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Introduction to Induced Seismicity
New Article in Science Magazine
Myths and Misconceptions
Oilfield waste arrives by tanker truck at a wastewater disposal facility near Platteville, Colo. After removal of solids and oil, the wastewater is injected into a deep well for permanent storage underground. Photo by Bill Ellsworth, USGS.
Within the central and eastern United States, the number of earthquakes has increased dramatically over the past few years. Between the years 1973–2008, there was an average of 21 earthquakes of magnitude three and larger in the central and eastern United States. This rate jumped to an average of 99 M3+ earthquakes per year in 2009–2013, and the rate continues to rise. In 2014, alone, there were 659 M3 and larger earthquakes. Most of these earthquakes are in the magnitude 3–4 range, large enough to have been felt by many people, yet small enough to rarely cause damage. There were reports of damage from some of the larger events, including the M5.6 Prague, Oklahoma earthquake and the M5.3 Trinidad, Colorado earthquake.
This increase in earthquakes prompts two important questions:
- Are they natural, or man-made?
- What should be done in the future as we address the causes and consequences of these events to reduce associated risks?
Increasing Rate of Earthquakes Beginning in 2009
Cumulative number of earthquakes with a magnitude of 3.0 or larger in the central and eastern United States, 1970–2016. The long-term rate of approximately 29 earthquakes per year increased sharply starting around 2009.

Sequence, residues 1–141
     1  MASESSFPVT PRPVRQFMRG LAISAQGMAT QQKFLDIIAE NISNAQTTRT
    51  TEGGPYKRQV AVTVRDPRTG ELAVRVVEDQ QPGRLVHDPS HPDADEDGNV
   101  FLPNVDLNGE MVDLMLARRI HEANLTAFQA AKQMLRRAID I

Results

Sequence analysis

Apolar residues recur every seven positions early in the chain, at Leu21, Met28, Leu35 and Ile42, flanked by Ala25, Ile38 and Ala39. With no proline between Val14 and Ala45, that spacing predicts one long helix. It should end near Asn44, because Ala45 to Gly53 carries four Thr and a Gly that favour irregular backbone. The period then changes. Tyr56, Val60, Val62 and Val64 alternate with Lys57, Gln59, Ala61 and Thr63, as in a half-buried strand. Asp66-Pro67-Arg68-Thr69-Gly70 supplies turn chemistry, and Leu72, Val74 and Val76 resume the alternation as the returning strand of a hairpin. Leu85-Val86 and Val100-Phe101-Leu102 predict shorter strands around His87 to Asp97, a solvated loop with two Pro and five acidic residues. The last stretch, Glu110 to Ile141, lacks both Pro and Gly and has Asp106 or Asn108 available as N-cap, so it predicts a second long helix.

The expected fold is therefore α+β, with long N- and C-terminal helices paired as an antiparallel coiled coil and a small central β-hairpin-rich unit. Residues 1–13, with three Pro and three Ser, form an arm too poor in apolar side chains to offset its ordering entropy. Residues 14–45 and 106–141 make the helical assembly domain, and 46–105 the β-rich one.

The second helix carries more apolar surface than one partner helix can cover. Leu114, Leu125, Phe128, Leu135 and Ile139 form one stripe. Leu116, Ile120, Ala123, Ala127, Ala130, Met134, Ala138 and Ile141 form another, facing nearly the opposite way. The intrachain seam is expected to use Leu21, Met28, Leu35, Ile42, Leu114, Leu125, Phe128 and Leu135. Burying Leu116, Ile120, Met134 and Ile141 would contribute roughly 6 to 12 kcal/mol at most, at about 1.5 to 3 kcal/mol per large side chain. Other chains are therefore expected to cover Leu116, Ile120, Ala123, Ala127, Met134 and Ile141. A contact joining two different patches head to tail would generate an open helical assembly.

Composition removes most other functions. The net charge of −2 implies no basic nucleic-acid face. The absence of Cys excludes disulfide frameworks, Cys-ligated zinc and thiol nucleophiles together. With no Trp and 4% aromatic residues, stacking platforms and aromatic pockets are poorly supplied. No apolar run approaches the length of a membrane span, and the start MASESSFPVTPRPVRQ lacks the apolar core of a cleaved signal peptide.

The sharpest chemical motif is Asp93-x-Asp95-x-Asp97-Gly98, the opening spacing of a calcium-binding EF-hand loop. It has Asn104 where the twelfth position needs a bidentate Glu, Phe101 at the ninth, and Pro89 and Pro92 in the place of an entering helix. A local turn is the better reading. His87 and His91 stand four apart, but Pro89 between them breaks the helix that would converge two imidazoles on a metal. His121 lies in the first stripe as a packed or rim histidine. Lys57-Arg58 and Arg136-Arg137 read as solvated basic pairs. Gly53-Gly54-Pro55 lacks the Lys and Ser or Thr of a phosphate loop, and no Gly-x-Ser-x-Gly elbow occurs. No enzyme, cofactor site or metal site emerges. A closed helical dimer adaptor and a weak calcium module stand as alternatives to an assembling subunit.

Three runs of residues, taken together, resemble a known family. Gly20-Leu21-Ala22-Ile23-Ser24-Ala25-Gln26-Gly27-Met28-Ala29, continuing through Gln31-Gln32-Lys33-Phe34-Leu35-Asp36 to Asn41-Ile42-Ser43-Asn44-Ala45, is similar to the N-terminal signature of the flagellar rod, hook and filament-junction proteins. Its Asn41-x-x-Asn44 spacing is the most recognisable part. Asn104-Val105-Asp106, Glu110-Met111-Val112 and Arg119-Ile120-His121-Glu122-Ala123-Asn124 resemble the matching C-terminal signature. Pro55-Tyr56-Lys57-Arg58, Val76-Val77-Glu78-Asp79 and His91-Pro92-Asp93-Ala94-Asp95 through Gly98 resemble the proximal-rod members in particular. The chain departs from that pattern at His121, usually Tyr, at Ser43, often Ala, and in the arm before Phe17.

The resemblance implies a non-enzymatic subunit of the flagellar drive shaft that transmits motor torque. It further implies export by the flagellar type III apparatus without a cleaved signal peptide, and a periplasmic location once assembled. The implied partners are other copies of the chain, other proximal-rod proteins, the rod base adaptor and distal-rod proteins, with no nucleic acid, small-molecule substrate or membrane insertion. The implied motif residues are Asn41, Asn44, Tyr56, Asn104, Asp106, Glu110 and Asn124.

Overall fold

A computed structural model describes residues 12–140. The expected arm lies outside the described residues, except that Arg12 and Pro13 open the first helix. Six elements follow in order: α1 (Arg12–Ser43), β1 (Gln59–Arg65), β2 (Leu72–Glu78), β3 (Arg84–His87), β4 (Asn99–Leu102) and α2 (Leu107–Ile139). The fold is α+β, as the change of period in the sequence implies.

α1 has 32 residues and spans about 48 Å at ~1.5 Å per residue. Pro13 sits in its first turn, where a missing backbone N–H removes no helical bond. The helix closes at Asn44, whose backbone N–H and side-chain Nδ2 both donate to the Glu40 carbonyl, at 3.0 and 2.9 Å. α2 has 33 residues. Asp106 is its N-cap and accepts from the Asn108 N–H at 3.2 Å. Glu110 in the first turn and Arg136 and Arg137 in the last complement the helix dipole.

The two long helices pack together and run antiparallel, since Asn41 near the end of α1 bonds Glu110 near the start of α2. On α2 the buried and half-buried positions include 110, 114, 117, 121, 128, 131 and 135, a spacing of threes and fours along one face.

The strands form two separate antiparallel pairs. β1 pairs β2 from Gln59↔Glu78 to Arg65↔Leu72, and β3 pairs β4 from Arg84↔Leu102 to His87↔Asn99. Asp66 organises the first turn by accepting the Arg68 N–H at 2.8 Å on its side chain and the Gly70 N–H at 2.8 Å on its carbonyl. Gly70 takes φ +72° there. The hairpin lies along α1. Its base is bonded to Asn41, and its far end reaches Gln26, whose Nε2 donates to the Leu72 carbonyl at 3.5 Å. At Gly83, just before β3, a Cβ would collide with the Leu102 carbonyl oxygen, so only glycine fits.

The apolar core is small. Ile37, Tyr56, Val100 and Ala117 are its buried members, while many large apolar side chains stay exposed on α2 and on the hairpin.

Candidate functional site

The USGS is currently studying seismicity that may be induced at 6 locations across the United States. These studies involve earthquake monitoring, examining industrial data, and evaluating any relationships between seismicity and industrial actions. Previous USGS studies have shown a strong connection in many locations between the deep injection of fluids and increased earthquake rates.
The USGS uses numerical simulations of earth processes to:
- Evaluate the physical relationships between fluid injection and earthquakes at specific sites
- Simulate possible future behaviors of new and ongoing injection projects
The USGS is currently developing new methods to evaluate the hazard due to induced earthquakes. These methods will account for the rapid changes in earthquake rate that we have witnessed in the past few years.
Special Issues on Induced Seismicity
The June issue of The Leading Edge features a special section on Injection-induced seismicity. Four USGS studies were included as part of this issue.
Yes, Humans Are Causing Earthquakes
USGS scientist Justin Rubinstein gives an overview on human-caused earthquakes.
USGS scientist Bill Ellsworth discusses the science behind induced earthquakes.
- Andrew Barbour
- Harley Benz
- Oliver Boyd
- Rufus Catchings
- George Choy
- Elizabeth Cochran
- Sara Dougherty
- Bill Ellsworth
- Jonathon Godt
- Steve Hickman
- Susan Hough
- J. Ole Kaven
- Andrea Llenos
- Dan McNamara
- Art McGarr
- Andrew Michael
- Chuck Mueller
- Mark Petersen
- Evelyn Roeloffs
- Justin Rubinstein
- Fabia Terra
- Rob Williams